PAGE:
An alternate story of the Star Force
by Joe L. Hensley and Jeff Blend
Based on a story by Joe L. Hensley
It was an inevitable victory. It had taken almost a decade, but they won easily.
Seeking a new homeworld, the planet Gamilon had launched an assault on a planet called Earth. Using radioactive planet bombs that rained down in a lethal shower, the new homeworld for the Gamilon Empire was now a lifeless, barren rock. Once the radiation-removal equipment was utilized, though, the planet would be ready for colonization.
The High Command would be pleased. They would even get a bonus - a few specimens for the labs. Earthlings, who had incredibly lived through the attack.
In the bridge of the main battleship, two of the Gamilons conferred together.
“What of the prisoners, Bane?” the older one asked.
“They do nothing, Colonel Ganz. They stare at us and at the walls. They rarely talk or move. They don’t eat what we give them. I’m doubtful that they will survive the voyage back to Gamilon.”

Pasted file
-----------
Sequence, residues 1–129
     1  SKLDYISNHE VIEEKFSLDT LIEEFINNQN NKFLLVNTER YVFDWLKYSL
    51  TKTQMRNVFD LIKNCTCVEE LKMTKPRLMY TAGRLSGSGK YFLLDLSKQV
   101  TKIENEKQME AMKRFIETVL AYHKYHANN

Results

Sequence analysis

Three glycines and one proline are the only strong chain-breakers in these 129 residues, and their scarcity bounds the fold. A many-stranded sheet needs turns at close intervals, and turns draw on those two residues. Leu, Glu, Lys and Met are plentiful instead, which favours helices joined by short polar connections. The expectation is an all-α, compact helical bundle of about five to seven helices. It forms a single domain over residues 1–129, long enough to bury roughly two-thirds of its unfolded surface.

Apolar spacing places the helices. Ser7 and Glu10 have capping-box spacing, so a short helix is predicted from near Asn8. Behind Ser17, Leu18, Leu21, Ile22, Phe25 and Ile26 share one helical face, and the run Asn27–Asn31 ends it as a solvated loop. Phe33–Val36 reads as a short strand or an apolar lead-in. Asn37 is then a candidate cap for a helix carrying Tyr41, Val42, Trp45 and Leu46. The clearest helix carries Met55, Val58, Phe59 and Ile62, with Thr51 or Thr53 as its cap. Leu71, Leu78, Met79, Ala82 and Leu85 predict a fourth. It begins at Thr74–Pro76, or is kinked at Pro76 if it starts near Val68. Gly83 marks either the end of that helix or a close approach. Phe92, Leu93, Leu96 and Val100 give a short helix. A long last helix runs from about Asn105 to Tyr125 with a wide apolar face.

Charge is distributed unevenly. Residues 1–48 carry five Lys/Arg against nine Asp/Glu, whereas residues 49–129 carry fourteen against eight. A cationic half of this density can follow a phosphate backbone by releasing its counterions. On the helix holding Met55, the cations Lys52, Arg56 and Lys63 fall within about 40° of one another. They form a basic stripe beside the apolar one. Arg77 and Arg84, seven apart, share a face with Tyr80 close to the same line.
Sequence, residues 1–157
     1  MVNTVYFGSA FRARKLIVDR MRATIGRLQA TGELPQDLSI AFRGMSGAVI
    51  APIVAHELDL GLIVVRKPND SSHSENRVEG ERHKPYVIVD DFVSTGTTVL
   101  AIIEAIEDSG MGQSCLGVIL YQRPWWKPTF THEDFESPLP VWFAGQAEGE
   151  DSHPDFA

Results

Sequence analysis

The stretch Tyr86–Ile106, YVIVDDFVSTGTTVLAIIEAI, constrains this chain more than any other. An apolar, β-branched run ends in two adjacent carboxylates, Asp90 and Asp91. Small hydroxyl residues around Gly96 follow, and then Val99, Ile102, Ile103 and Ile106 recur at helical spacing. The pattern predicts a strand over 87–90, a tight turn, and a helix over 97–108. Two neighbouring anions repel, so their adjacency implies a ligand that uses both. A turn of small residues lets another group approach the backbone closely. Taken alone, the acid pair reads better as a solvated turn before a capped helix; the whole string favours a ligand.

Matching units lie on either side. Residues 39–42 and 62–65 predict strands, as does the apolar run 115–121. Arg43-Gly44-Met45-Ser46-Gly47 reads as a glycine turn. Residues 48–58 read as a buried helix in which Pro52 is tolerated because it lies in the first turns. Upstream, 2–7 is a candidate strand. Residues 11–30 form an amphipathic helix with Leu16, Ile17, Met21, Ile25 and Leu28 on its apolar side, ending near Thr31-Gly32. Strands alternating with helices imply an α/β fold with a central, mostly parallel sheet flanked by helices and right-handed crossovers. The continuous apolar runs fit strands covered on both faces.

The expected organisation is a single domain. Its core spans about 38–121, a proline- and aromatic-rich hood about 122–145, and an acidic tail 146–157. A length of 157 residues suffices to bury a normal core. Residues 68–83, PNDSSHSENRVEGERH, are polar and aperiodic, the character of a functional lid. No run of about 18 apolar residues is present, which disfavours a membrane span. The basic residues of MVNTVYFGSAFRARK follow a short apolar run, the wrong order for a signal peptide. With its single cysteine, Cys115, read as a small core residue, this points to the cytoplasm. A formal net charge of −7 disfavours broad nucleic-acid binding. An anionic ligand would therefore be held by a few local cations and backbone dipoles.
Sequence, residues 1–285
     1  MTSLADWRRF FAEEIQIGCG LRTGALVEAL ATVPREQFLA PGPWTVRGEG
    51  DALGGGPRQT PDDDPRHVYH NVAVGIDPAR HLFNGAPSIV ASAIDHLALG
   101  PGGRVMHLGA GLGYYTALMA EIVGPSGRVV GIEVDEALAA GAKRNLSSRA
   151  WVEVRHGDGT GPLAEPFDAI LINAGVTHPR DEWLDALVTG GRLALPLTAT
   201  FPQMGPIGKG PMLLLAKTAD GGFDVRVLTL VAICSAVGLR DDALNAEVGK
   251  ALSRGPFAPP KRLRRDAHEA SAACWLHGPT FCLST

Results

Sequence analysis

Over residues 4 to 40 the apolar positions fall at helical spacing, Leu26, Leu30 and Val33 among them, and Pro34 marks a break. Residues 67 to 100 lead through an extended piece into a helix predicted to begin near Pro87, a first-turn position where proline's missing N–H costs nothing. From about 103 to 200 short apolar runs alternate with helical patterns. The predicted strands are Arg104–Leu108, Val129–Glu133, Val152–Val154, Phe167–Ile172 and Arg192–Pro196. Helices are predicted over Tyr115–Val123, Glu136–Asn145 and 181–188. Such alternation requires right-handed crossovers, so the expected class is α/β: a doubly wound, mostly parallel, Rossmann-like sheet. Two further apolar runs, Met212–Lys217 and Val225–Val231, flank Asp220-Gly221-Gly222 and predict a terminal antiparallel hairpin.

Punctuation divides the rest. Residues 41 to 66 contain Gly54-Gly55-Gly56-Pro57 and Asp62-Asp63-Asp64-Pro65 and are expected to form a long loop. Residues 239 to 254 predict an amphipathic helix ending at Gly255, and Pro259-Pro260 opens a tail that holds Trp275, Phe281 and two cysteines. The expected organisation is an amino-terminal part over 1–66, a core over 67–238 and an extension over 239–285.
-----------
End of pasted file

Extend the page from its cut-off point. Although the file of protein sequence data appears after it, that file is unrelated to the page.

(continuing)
“Their race is weak. It’s to be expected,” Ganz scoffed. “That’s why I can’t believe our scientists. They say that with the exception of their pink skin color that they are exactly like us!” He paused. “Well, we can’t let them die. Force-feed them if you have to. Our scientists demand specimens. We’re lucky that some of them lived through the planet bombs. I don’t see how it was possible - I thought humans couldn’t tolerate the radiation levels.”
“They have no real illness, not even a radiation burn,” Bane reported. “But they are sullen and frail.”
“Whatever their condition, make sure they’re kept alive and well, Bane.”
Bane saluted, yet seemed reluctant to leave the bridge.
“What is it now, Bane?”
“If I may ask, sir... I know it’s unusual, but...”
“Have you been having dreams, sir...?”
“Some of the men have been reporting strange dreams, sir.”
“What kind of nonsense is this? I have no time for such things!”
“Yes, sir,” Bane replied and turned away, knowing when it was best to make a retreat.
“These dreams... what were they about?”
“Blood, sir. Flying creatures and old women around a boiling cauldron.”
Bane arrived at the detention area, and a young guard brought right forearm up palm outwards in a snap salute. “Sir!”
“I’m here to inspect the survivors.”
The door whirled open and Bane started through.
A note of insistence in the guard’s voice stopped Bane short. “Yes?”